For shoppers and investors alike, Indonesia’s weak logistics infrastructure is often seen as a reason for avoiding e-commerce. Investors fear that inadequate infrastructure will impinge the growth of the industry – a concern that is backed by the 25 percent of Internet users surveyed by Vela Asia who said untimely deliveries had caused them to think twice about shopping online.
No doubt, smooth logistics management is a critical hurdle for many e-commerce businesses in Indonesia, which was ranked 59th globally in the 2012 World Bank Logistics Performance Index, below most other countries in the region.
The Logistics Index is based on rankings of infrastructure, services, border procedures, time and reliability. Indonesia fared particularly poorly in the LPI’s customs and infrastructure rankings.
But the concern about Indonesian logistics obscures brighter signs about the market, and ignores the fact that choosing the right provider and managing them well can unlock new customers, while cultivating repeats. A closer look at the data generated by market research indicates some encouraging features of the growing online market, according to Vela Asia’s Online Shopper Survey, a poll of over 500 online shoppers across the region.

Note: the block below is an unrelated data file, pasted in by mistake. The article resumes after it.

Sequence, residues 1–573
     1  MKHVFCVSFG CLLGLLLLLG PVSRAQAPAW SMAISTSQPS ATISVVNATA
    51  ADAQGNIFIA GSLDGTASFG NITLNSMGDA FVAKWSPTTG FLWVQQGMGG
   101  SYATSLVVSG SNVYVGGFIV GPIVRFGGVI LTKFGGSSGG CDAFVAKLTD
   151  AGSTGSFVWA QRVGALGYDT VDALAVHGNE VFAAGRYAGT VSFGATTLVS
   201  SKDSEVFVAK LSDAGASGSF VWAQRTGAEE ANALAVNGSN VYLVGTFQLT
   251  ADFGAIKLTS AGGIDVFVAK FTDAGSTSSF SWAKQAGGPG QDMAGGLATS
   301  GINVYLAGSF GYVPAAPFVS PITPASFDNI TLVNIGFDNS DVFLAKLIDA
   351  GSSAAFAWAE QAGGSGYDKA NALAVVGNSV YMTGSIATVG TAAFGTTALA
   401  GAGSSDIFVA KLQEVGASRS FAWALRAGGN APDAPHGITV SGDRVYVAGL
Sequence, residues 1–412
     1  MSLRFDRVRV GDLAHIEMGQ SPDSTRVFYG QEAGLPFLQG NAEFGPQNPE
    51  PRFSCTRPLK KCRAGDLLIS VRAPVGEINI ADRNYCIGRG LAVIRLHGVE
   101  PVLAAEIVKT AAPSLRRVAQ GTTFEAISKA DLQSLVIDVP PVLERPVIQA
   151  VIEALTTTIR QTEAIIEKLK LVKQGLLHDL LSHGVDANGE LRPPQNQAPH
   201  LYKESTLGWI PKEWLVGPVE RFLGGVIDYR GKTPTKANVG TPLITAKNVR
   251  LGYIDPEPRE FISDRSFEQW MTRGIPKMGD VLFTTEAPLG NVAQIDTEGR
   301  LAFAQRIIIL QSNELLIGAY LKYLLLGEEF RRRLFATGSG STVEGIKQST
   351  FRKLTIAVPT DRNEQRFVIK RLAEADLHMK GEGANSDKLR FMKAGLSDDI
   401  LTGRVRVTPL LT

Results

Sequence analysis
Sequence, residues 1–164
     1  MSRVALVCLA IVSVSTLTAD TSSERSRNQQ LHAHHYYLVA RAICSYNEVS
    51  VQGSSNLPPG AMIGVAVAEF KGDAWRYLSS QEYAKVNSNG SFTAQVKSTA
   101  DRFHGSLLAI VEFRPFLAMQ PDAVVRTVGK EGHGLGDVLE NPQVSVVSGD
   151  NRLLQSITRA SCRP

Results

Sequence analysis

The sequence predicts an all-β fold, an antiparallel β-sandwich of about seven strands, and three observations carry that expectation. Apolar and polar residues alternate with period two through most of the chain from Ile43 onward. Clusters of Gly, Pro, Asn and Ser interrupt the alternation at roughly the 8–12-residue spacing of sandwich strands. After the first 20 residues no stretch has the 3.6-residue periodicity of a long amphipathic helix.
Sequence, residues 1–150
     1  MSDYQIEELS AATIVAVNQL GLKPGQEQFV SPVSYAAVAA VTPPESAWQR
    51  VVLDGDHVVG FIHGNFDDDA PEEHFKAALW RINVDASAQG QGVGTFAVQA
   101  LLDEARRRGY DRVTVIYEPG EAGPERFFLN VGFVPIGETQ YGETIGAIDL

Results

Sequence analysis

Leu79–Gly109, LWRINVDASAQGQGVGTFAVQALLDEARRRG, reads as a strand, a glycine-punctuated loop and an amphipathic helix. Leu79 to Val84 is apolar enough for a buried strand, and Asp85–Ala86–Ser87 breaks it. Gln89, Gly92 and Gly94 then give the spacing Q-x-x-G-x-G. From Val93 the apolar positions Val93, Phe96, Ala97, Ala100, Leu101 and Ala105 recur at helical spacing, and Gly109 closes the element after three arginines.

Similarly to that in China, where consumers from mid-tier cities are helping to drive e-commerce growth, over 40 percent of Indonesian online shoppers come from regional cities and rural areas, Vela Asia’s research shows.
Moreover, online shops are a way to get access to a bigger range for Indonesians, who are more likely than their regional rivals to cite the “wider range” of e-commerce as a reason to buy online. This is evidently so, from some nearly 50 percent saying that “there’s not enough choice where I’m from!”
That’s an important wake-up call for brick-and-mortar retailers, and it’s good news for the e-commerce and logistics industry.
But the report card for service wasn’t quite as pleasing. Although most Indonesian e-commerce sites aim for delivery to be made in two to six days in major cities, 37 percent of respondents waited a week or more. This is a big area of improvement for the local industry.
There’s also the question of payment methods, which affects logistics providers too. According to the survey, a critical 30 percent of online shoppers use Cash-On-Delivery as their preferred payment method, and yet only a few select couriers offer this service to their customers.
All these suggest a flourishing market for e-commerce, and one that’s going to continue to expand outside the major centers in Java and Sumatra. The key to success will be the careful selection and management of suppliers, especially those with demonstrated experience in e-commerce. It will still be sometime until Indonesia is a fully mature logistics market, but the underlying drivers are there for both innovation and demand.